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Enter the Captain of the Guard, and three Murderers.
Cap. Come on, sirs. What, are you resolutely bent, Hating the life and honour of the Guise? What, will you not fear, when you see him come?
First Murd. Fear him, said you? tush, were he here, we would kill him presently.
Sec. Murd. O that his heart were leaping in my hand! Third Murd. But when will he come, that we may
murder him? Cap. Well, then, I see you are resolute. First Murd. Let us alone; I warrant you. Cap. Then, sirs, take your standings within this
All three Murderers. You will give us our money?
Enter KING HENRY and EPERNOUN.
Henry. Now, captain of my guard, are these murderers
ready? Cap. They be, my good lord.
1 Scene: a room in the royal palace at Blois,
Henry. But are they resolute, and armed to kill,
[Exit. Henry. Then come, proud Guise, and here disgorge
(Knocking within. Guise (within). Hold, varlet, hé !—Epernoun, where is
the king ? Eper. Mounted 1 his royal cabinet. Guise (within). I prithee, tell him that the Guise is here. Eper. An please your grace, the Duke of Guise doth
Access unto your highness.
Henry. Let him come in. —
Enter GUISE. Guise. Good morrow to your majesty.
Henry. Good morrow to my loving cousin of Guise : How fares it this morning with your excellence ?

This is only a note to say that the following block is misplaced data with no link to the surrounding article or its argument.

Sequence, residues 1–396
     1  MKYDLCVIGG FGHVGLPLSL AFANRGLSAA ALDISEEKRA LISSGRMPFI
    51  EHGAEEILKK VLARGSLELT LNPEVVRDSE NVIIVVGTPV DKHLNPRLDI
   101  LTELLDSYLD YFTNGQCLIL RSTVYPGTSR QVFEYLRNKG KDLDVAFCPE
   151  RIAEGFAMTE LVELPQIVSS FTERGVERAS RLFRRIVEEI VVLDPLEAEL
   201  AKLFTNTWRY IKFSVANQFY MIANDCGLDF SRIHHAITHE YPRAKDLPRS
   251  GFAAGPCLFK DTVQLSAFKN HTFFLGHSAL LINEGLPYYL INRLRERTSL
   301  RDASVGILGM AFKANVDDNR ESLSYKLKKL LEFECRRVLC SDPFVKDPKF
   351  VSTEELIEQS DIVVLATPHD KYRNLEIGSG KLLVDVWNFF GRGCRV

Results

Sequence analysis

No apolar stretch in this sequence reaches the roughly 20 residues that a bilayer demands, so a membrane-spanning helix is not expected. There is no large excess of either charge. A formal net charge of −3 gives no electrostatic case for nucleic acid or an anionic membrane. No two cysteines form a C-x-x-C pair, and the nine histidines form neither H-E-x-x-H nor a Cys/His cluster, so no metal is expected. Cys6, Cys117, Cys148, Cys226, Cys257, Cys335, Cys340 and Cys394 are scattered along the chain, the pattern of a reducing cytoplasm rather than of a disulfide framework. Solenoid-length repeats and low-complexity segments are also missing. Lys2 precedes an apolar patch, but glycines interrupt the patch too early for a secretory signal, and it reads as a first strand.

Guise. I heard your majesty was scarcely pleased, That in the court I bear so great a train.
Henry. They were to blame that said I was displeased ;
1 Cf. 2 Tamburlaine iv. 3:-"Moun:ed his shining chariot " (for “ mounted in "').
And you, good cousin, to imagine it.
Re-enter Third Murderer.
Third Murd. O, pardon me, my Lord of Guise !
Third Murd. O my lord, I am one of them that is set to murder you!
Guise. To murder me, villain !
Third Murd. I, my lord : the rest have ta’en their standings in the next room; therefore, good my lord, go not forth.
Guise. Yet Cæsar shall go forth.
70 First Murd. [within) Stand close; he is coming ; I
know him by his voice. Guise. As pale as ashes !! nay, then, it is time To look about.
Enter First and Second Murderers.
First and Sec. Murderers. Down with him, down with him !
[They stab GUISE. Guise. O, I have my death's wound ! give me leave to
speak. Sec. Murd. Then pray to God, and ask forgiveness of the king.
Guise. Trouble me not; I ne'er offended him,
1 Dyce conjectures that Guise must have seen himself in a mirror as he uttered these words.
Enter KING HENRY, EPERNOUN, and Attendants. My lord, see, where the Guise is slain.
Henry. Ah, this sweet sight is physic to my soul ! Go fetch his son for to behold his death.
[Exit an Attendant. Surcharg'd with guilt of thousand massacres, Monsieur of Lorraine, sink away to hell! And, in remembrance of those bloody broils, To which thou didst allure me, being alive, And here, in presence of you all, I swear, I ne'er was king of France until this hour. This is the traitor that hath spent my gold In making foreign wars and civil broils. Did he not draw a sort of English priests From Douay to the seminary at Rheims, To hatch forth treason 'gainst their natural queen? Did he not cause the king of Spain's huge fleet To threaten England, and to menace me? Did he not injure Monsieur that's deceas'd ? Hath he not made me, in the Pope's defence, To spend the treasure, that should strength my land, In civil broils between Navarre and me?